TROY, Ala. (AP) — Ralph Waldo Emerson said "Build a better mousetrap and the world will beat a path to your door."

Joe Todd of Todd Farms in Dothan said "Amen" to that.

The seventh-generation syrup-maker with deep Pike County roots, has built a better "mousetrap" and already he can hear the footsteps on the path.

Todd said syrup making begins at the cane mill but no new cane mills were produced in the United States after December 7, 1941.

"When President Franklin Roosevelt declared war on Japan, he also ordered the foundries to cease manufacturing all equipment except that necessary for the war effort," Todd said. "With all manufacturing directed to the war effort, there was no way to replace parts on cane mills that went down. They had to be repaired."

Todd's experience in the syrup-making business qualified him as a cane mill repairman and business was good for a while.

"Then, it got to the point where you couldn't find replacement parts for the cane mills or, if you could, they were too expensive," said Todd. "I decided, with today's technology, there ought to be a cane mill on the market that was durable, affordable and one that could be moved and setup without a lot of trouble."

Two years ago, Todd designed and manufactured the first cane mill since 1941. And, with a couple of upgrades, he is certain that the cane mill is a better "mousetrap."

"With average use, this new mill should last 50 years without needing to be repaired," Todd said. "It's that maintenance free."

Todd said, said the old cane mills were manufactured between 1906 and 1941.

"The mills were operated steadily and without changes or upgrades so the bearings in the old-model cane mills only lasted a couple of years," he said.

But the bearings in Todd's new cane mill are brass and oil impregnated.

"These bearings will never have to be greased," Todd said. "The new mills also have a reversing switch that allows the user to back the mill up if it becomes clogged.

"And, the mill is lightweight and portable. It's easy to set up and take down and it runs off a 110-electric plug. It's made out of durable materials and it's meeting the demands of the growing interest is syrup making. People all across the country are getting back to producing their own vegetables and fruits. Farmers' markets are increasing because shoppers are looking for locally grown products."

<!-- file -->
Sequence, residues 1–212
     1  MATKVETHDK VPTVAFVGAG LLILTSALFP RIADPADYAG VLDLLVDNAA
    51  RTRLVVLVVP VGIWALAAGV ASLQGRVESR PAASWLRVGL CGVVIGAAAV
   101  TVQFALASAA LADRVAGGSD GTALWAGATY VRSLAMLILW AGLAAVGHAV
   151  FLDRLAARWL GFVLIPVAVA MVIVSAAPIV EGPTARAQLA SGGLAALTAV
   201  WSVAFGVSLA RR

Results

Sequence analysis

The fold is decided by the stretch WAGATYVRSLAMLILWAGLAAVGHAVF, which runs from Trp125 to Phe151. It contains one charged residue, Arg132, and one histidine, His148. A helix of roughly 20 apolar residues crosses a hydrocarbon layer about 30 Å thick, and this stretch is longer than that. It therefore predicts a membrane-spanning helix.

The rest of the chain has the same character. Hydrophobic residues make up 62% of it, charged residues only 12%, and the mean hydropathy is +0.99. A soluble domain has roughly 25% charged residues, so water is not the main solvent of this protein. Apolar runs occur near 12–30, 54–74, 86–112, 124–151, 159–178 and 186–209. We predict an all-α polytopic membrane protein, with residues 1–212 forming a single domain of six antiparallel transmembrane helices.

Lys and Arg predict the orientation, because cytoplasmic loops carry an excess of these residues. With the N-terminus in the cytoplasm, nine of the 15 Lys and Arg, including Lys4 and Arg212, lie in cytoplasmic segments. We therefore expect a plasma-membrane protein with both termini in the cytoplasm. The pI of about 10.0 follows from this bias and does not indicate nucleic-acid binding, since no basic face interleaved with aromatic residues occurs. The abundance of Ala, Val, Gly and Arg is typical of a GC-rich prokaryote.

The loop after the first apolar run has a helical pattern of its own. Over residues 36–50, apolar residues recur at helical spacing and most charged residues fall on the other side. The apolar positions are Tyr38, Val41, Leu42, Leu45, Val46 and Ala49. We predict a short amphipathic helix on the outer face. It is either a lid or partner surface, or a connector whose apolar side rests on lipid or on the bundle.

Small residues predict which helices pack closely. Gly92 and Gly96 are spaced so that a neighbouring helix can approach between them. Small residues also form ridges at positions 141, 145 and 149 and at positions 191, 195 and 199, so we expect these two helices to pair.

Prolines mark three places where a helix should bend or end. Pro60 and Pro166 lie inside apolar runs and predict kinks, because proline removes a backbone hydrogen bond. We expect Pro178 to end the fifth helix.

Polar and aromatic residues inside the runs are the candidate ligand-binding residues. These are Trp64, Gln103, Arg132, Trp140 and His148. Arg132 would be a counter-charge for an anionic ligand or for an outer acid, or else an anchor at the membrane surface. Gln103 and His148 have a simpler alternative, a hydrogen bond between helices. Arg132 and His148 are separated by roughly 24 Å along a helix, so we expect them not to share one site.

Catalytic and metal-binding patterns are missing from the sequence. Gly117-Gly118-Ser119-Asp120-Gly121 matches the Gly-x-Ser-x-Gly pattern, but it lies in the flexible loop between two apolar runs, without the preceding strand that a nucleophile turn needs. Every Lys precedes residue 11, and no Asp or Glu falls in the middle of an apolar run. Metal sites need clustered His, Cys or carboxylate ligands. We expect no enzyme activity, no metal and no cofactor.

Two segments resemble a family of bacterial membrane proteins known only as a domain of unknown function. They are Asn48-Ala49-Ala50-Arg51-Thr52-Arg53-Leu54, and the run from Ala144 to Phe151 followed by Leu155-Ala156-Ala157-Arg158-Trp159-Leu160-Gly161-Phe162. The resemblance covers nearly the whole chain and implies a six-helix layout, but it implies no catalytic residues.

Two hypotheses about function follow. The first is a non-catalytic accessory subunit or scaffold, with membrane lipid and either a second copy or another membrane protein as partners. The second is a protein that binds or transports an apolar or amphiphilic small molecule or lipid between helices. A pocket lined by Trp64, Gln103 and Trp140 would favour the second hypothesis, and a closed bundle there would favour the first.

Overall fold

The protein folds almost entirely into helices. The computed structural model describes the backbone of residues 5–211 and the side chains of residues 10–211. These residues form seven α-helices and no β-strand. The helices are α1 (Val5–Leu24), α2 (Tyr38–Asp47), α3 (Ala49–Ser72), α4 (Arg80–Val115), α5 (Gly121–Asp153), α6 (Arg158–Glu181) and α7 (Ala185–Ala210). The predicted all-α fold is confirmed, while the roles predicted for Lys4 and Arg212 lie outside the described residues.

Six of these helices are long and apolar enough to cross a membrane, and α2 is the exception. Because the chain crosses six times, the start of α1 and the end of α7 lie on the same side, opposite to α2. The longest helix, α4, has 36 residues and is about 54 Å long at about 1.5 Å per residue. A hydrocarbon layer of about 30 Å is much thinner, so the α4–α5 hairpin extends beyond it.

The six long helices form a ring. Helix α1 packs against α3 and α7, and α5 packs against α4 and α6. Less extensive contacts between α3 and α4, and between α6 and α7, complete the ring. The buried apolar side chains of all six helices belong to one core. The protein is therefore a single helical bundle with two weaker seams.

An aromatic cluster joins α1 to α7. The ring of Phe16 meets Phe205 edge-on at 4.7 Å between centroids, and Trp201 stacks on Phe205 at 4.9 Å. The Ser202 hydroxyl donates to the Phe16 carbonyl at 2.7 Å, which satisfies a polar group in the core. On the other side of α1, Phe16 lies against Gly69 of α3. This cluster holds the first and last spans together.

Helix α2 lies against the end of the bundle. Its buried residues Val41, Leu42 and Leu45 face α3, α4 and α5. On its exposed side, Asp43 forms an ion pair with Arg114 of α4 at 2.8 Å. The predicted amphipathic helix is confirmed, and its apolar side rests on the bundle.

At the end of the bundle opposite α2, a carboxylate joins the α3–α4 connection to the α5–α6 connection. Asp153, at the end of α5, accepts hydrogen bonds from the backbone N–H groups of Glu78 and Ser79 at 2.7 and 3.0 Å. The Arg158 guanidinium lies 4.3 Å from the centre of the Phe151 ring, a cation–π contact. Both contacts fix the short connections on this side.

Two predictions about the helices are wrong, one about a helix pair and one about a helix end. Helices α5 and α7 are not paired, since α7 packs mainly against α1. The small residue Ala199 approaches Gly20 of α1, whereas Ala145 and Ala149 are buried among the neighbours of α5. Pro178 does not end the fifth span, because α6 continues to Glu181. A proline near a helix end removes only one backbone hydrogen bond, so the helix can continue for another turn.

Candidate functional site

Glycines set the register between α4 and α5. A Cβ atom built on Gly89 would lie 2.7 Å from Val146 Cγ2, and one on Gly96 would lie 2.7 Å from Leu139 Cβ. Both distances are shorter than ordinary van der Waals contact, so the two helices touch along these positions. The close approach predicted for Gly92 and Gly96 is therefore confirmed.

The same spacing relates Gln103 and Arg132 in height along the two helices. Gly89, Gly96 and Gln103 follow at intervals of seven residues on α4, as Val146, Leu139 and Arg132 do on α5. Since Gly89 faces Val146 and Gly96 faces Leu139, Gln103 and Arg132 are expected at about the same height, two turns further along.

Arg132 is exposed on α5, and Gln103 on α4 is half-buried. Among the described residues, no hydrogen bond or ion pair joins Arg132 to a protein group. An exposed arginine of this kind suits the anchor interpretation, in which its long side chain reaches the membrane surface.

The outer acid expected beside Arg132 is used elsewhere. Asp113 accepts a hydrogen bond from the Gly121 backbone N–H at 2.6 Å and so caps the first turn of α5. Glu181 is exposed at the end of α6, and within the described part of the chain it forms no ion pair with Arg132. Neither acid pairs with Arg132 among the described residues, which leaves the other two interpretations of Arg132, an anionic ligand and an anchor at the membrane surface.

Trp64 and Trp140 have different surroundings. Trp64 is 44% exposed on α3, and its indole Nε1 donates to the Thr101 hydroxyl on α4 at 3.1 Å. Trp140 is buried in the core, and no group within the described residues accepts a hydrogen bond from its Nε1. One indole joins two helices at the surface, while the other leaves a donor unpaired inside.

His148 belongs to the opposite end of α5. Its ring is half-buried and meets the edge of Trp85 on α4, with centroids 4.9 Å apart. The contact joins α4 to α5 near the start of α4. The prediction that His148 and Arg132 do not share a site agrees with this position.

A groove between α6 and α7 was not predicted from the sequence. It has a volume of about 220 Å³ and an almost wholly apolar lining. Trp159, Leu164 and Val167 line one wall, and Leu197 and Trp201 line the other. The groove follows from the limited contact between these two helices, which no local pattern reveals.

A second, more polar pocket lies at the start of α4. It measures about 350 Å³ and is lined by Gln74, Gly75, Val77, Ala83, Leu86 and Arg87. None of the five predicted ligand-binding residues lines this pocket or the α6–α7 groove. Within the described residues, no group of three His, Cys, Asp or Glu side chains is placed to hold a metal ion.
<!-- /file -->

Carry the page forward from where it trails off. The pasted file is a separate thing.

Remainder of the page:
And with that movement, comes syrup makers and the increasing market for cane mills.

Industrial Metal Works in Dothan is the manufacturer of Todd's Cane Mill 2.

Steven Robinson, owner, said orders for the cane mills are steady.

"In addition to Alabama, we have shipped Todd's Mill 2 cane mills to Kansas, Wisconsin, Tennessee, Arkansas, Louisiana, Mississippi, Florida, Georgia, North Carolina and South Carolina," Robinson said. "In May, we shipped two cane mills to Haiti, so we are beginning to export the mills."

Robinson said he is working to fill an order for 20 of Todd's mills for a bar in Miami.

"What I understand is the bars are selling a drink that is made with cane juice," he said. "The juice is ground in the bar, rum is added and it's served right there at the mill. The drink is extremely popular."

Robinson, laughingly, said he doesn't have first-hand knowledge of the cane juice and rum concoction but he stands by the Todd Mill 2 and also believes that syrup making is making a comeback in today's high-tech world.

Bevin Brown is the first syrup maker in Pike County to purchase a Todd Mill 2.

Brown said his father-in-law John Virgil Botts grew a little cane and he had an interest in and taste for cane juice.

In 2010, Brown went to Perrie McCartha's syrup day and watched him make syrup. His interest in the old way of making syrup grew and his desire to grind cane juice.

"John Brabham let me borrow his cane mill," Brown said. "A couple of weeks ago, he decided he needed it back. I heard Joe Todd had developed a new mill so I decided to buy one and set it up for the family's enjoyment, especially the grandkids."

Brown said he enjoys raising cane and operating a cane mill. And, he just might get out an old syrup kettle and make syrup.

Todd isn't surprised that syrup making is coming back strong.

"People want to get back to doing things the old way and that's the best way," he said. "You won't get syrup from a manufacturer that is as pure as that made the old way. At Todd's Farm, we grow our own cane, grind our own juice, cook it in a kettle, and put the syrup on a biscuit. It doesn't get any better than that."

Todd's syrup is also bottled and sold right there on the farm. And, those who want to see what syrup making is all about are invited to Todd's Farm on Monday, October 14, to see cane harvesting, grinding and syrup making.

Those who twist Todd's arm just might get a biscuit to sop in the syrup.

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Information from: Troy Messenger, http://www.troymessenger.com

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